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Klassen: Feeder market resumes upward trend

Feeder cattle markets in Western Canada held steady last week. The initial cold shock usually tempers buying enthusiasm, but we now find cattle buyers accustomed to the wintry conditions.

Black Angus seven-weight steers touched $128 per hundredweight. Demand for lighter cattle was also firm with 500-weight cattle trading in the range of $135 to $143; 400- to 500-pound steers were extremely precious, bringing $150 to $160. Cow-calf producers held cattle back on sales earlier in fall due to abundant forage but the snow and cold has pushed these feeder cattle to market. Good bred cows are now reaching $1,300 to $1,400 and bred heifers have exceeded $1,400. These are expansionary-type prices for cows.

The U.S. has experienced higher placements in the fall period and lower calf crops over the past three years. Therefore, feeder cattle outside feedlots in the U.S. as of Jan. 1 are expected to be historically low, which will result in tighter available supplies in the first and second quarters of 2011. Dryer conditions in the U.S. southern plains have also pushed feeder cattle into feedlots sooner. U.S. 2011 first-quarter beef production is expected to be similar to 2010’s, but then we could see a sharp drop in the second quarter enhancing feeder and fed cattle prices at this time.

Canadian feedlot inventories are forecasted to stay at five-year lows over the next two months, given the aggressive marketing pace of fed cattle. Feedlot operators will be more aggressive with feeder purchases as the April live cattle futures continue to make new contract highs at the $109 level.

— Jerry Klassen is a commodity market analyst in Winnipeg and maintains an interest in the family feedlot in southern Alberta. He writes an in-depth biweekly commentary, Canadian Feedlot and Cattle Market Analysis, for feedlot operators in Canada. He can be reached by email at [email protected] or 204-287-8268 for questions or comments.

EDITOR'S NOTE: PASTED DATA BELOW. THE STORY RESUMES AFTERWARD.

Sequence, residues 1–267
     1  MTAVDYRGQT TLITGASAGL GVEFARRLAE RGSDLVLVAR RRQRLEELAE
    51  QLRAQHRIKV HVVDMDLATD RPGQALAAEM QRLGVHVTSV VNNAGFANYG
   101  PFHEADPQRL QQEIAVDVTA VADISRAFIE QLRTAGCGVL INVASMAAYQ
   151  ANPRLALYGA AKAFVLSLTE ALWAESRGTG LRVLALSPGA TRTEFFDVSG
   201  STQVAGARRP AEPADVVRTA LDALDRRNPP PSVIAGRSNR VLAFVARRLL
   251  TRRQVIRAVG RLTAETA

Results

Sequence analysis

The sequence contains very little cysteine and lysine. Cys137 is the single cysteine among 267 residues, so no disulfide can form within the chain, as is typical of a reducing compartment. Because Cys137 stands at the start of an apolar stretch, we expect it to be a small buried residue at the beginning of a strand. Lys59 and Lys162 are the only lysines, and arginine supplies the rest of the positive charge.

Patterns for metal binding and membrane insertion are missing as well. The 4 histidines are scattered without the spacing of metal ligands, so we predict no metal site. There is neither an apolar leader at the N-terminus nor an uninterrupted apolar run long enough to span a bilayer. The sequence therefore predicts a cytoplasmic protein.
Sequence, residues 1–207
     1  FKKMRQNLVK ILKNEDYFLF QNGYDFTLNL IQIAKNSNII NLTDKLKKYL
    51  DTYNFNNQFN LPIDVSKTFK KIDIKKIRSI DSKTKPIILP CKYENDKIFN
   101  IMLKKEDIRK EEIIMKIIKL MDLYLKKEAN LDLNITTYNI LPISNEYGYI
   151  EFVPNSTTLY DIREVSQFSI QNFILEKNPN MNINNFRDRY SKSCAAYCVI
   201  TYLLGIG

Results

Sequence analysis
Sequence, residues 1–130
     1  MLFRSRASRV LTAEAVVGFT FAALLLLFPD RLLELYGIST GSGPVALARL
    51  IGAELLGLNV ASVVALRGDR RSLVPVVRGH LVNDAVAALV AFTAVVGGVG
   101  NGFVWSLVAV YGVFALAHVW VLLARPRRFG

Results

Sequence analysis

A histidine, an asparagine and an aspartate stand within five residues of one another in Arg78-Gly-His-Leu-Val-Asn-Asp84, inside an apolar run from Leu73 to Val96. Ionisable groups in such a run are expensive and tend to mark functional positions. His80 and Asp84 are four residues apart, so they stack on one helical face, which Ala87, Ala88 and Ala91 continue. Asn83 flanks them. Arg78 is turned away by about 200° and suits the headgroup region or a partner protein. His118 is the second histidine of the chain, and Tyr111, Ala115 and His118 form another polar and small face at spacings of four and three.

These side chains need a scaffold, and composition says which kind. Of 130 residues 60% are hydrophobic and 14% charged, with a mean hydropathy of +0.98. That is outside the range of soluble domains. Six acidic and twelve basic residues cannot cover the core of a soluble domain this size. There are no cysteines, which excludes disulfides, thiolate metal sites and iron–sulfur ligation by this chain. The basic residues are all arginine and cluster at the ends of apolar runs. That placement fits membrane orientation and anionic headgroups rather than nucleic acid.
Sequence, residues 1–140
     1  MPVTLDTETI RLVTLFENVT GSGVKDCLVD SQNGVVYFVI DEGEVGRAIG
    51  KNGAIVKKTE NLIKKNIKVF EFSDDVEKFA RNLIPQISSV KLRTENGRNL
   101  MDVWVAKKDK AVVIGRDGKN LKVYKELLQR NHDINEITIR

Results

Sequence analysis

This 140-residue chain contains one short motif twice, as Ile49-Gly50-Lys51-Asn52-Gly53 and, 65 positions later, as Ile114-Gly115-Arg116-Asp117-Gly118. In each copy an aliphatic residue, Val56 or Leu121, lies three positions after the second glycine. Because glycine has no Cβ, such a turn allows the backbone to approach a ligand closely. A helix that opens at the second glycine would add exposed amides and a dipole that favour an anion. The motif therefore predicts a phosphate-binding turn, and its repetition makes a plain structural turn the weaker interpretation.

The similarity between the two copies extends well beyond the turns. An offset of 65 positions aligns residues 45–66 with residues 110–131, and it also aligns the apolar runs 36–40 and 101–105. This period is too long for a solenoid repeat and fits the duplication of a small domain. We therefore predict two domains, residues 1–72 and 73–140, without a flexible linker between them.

The material contained herein is for information purposes only and is not to be construed as an offer for the sale or purchase of securities, options and/or futures or futures options contracts. While the information in this publication cannot be guaranteed, it was obtained from sources believed to be reliable. The risk of loss in futures trading can be substantial. The article is an opinion only and may not be accurate about market direction in the future. Do not use this information to make buying or selling decision because adverse consequences may occur. This information may be wrong and may not be correct about current market conditions in all areas of Canada. This is an opinion only and not based on verified facts.

About the author



Jerry Klassen is president and founder of Resilient Capital, specializing in proprietary commodity futures trading and market analysis. Jerry consults with feedlots on risk management and writes a weekly cattle market commentary. He can be reached at 204-504-8339 or via his website at



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